Being a sweet tooth is no sin and especially icing has made any and every cake, cupcake or cookie look and taste even better. Icing actually makes it better - hence the saying, "the icing on the cake. So what's the secret to the perfect icing?
Icing is the essential decorator's tool, making cakes appear beautiful and even more delicious. There are many different types of icing that can be used for decoration. Different varieties of icing, like buttercream, royal, poured sugar and glaze, all have different textures, flavours and uses in cake and cookie decoration. Fondant is also a type of icing. Many cake decorators use a combination of icings to embellish a cake to bring out the theme of the decoration.
The simplest icing is a glacé icing, containing simply icing sugar and water. This can be flavoured and coloured as desired, for example by using lemon juice instead of the water.
More complicated icings can be made by beating fat into icing sugar (buttercream icing), by melting fat and sugar together, by using egg whites (royal icing), and by adding other ingredients such as glycerin (fondant).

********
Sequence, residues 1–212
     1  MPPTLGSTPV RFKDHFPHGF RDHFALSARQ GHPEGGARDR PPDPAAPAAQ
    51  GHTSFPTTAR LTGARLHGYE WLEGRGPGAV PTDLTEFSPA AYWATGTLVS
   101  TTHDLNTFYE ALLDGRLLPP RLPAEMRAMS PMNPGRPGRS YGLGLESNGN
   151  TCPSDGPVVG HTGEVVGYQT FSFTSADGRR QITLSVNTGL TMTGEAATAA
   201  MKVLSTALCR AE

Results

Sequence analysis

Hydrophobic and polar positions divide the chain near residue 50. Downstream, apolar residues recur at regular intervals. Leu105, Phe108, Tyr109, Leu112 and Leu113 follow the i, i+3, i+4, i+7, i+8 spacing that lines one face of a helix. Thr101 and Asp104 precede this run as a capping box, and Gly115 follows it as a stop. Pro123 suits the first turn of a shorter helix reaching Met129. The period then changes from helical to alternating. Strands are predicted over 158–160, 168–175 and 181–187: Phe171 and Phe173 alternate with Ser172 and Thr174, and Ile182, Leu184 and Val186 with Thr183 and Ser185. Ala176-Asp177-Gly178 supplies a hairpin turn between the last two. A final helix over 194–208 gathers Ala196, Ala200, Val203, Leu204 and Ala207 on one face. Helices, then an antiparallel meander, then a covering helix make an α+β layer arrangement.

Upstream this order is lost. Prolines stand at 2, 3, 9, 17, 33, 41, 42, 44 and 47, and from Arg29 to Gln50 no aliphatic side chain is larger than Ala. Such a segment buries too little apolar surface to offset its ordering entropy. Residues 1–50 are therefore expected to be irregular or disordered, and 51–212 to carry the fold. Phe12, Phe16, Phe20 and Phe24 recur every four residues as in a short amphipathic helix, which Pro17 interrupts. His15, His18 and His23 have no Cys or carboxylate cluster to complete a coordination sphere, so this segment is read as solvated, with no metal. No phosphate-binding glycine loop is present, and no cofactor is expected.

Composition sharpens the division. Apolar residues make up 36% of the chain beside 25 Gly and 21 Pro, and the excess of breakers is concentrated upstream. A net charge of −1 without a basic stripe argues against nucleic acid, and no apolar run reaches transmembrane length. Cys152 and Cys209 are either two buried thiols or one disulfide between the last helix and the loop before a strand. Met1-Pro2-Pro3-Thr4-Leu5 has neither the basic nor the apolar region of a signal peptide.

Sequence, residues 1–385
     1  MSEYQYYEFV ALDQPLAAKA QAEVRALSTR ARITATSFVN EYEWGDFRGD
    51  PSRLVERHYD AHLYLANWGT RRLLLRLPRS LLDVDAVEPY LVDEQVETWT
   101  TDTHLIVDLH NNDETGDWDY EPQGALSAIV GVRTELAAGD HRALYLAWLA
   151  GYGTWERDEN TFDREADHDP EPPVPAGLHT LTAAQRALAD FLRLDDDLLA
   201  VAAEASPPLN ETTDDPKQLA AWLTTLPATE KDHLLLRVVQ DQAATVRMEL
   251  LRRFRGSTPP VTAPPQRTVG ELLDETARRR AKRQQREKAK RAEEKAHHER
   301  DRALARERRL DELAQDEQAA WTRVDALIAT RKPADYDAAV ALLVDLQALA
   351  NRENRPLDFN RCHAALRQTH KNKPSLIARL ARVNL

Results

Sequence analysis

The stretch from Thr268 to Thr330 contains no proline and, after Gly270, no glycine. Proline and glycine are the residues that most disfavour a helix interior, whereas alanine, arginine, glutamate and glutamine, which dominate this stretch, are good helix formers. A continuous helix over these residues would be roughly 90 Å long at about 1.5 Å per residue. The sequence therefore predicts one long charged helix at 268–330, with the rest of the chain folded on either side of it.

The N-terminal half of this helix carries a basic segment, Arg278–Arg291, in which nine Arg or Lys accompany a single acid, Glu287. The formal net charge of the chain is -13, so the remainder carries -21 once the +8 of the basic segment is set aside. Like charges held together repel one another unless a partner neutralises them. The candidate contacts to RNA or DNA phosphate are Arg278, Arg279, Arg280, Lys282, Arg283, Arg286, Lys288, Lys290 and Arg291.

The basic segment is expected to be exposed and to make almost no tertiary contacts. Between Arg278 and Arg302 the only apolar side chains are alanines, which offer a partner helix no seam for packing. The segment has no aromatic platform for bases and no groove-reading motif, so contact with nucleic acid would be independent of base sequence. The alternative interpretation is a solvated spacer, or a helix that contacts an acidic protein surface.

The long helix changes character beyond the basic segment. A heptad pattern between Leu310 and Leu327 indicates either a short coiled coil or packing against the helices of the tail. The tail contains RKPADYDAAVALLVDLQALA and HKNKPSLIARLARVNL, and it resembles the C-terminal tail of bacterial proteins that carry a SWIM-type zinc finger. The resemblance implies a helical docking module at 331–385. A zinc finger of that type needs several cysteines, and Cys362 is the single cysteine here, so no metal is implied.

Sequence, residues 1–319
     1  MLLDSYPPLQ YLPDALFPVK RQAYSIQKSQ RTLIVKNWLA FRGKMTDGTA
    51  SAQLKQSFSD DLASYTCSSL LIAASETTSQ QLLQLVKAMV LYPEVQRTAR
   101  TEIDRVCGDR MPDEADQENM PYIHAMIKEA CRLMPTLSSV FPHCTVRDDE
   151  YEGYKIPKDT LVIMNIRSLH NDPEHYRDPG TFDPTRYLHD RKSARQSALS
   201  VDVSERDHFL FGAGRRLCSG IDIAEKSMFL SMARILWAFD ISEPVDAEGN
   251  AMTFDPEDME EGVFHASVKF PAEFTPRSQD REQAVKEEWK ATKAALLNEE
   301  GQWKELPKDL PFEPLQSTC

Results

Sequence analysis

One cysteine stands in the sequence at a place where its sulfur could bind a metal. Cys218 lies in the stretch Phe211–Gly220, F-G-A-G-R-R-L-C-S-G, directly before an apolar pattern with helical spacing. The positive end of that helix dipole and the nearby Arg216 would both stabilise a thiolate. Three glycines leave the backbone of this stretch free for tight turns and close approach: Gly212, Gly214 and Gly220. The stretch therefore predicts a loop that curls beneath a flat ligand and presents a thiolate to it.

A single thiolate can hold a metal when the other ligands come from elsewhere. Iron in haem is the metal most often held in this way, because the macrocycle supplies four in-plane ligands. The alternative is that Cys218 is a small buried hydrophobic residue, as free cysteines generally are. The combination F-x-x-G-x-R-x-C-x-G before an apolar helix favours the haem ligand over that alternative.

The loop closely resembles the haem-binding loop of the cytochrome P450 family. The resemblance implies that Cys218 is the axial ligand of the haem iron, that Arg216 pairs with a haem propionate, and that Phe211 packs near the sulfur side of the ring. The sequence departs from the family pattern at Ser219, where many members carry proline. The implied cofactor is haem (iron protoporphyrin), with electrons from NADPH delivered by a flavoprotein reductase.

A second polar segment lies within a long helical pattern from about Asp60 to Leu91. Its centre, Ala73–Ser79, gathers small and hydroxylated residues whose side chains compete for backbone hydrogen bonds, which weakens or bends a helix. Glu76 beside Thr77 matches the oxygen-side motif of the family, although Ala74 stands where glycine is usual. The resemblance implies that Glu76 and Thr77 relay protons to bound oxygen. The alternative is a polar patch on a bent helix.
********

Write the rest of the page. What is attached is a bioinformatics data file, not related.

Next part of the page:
Some icings can be made from combinations of sugar and cream cheese or sour cream, or by using ground almonds (marzipan).
This article focuses on Royal Icing, Fondant Icing, Buttercream Icing as well as a few basics on the art of icing your Christmas Cake.
Traditionally glossy royal icing would be used to cover a Christmas and if all you want is to create a snow effect on the surface, then this is the best icing to use.
Royal icing has an egg-white base that sets hard on standing (it dried on contact with air) and therefore it is also ideal for frosting cookies.
Royal icing is also used for making flowers, piping decorations and for decorating cookies and gingerbread houses since it has quite a sweet flavour.